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If you’ve seen V for Vendetta, then you’re probably familiar with this poem:

Remember, remember the Fifth of November
Gunpowder treason and plot.
I see no reason the Fifth of November
Should ever be forgot.

Today is 5 November, and here, as well as in Britain and other Commonwealth Nations, they’re celebrating Guy Fawkes Night – the night when the Gunpowder Plot was discovered and thwarted.

Guy Fawkes was an English Catholic (a rarity in the early 1600’s) involved in a plot to assassinate King James (a Protestant; King James Bible, anyone?) and blow up the House of Lords (known as the Gunpowder Plot). The plan was uncovered after a Lord Monteagle received an anonymous letter warning him to stay away at the next congress of Parliament. Fawkes was found out and arrested. He gave a false name and refused to identify his fellow conspirators. After the subsequent torture, Fawkes signed a confession of his guilt, stood trial, and was sentenced to be executed by hanging. After his death, his body was drawn and quartered, and put on display as a warning to others with a rebellious political spirit.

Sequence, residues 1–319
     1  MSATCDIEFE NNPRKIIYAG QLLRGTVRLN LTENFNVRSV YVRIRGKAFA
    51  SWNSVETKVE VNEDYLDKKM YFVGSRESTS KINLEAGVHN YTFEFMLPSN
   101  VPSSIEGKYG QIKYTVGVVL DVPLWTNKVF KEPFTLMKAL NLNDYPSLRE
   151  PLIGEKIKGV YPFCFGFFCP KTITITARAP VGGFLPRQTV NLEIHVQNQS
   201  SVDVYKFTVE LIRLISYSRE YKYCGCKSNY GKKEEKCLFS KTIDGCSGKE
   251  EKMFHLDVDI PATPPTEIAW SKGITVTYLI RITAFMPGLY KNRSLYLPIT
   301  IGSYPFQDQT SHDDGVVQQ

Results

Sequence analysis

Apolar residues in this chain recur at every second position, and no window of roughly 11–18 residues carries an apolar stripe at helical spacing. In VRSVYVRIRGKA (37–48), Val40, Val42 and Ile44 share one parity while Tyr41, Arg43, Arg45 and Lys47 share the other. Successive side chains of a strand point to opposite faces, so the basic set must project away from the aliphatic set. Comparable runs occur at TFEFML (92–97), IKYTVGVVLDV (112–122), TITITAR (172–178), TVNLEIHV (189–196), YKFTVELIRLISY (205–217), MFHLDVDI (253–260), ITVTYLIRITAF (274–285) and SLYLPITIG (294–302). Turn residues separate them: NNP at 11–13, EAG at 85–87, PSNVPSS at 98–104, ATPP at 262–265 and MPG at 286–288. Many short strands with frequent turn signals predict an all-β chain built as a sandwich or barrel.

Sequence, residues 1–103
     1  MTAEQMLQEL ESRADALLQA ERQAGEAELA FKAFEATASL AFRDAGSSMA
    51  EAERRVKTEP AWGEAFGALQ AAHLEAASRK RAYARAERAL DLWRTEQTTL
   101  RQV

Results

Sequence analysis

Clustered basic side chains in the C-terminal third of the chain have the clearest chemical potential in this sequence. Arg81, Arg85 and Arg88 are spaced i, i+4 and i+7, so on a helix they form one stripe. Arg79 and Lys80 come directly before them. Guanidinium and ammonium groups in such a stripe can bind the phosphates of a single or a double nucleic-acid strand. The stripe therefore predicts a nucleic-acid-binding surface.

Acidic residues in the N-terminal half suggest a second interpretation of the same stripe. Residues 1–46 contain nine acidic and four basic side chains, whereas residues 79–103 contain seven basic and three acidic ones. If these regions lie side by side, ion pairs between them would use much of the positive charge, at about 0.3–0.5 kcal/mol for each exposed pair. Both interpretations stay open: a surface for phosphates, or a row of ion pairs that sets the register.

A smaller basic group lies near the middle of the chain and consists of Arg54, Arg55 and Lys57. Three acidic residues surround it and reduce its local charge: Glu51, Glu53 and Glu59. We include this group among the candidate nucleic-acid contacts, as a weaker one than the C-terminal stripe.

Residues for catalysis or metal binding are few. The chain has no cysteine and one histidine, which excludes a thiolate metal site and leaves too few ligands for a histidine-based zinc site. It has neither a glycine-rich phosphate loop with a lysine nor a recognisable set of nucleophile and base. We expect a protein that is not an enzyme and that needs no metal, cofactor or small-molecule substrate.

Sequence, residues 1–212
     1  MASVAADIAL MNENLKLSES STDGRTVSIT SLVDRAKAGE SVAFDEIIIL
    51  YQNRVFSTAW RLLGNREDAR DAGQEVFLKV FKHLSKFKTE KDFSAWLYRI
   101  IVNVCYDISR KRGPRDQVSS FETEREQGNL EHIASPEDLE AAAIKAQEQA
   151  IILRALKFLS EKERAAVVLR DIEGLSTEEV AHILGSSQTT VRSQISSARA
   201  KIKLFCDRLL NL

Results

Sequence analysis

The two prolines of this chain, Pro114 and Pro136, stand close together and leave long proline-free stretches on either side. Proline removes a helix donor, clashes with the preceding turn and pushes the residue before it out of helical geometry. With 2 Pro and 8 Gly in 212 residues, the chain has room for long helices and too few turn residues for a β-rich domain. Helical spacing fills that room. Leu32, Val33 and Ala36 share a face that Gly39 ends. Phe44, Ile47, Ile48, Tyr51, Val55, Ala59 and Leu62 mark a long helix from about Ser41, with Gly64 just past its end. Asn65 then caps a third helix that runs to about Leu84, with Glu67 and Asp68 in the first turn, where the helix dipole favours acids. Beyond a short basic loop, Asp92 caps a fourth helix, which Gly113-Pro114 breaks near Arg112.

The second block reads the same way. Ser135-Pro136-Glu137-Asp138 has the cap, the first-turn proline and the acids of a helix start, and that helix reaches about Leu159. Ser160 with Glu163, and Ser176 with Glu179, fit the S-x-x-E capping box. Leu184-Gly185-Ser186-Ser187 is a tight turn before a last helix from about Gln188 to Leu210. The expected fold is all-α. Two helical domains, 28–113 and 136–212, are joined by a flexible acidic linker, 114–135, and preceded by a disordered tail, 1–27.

Historically Guy Fawkes Night was commemorated to celebrate the saving of the King and Parliament. Effigies of Fawkes might be burned, parades marched, and silly masks worn; it was traditionally a day of much anti-Catholic sentiment throughout Britain and her colonies. In modern times, a 5 Nov. celebration typically involves bonfires, booze, fireworks, and “singing.”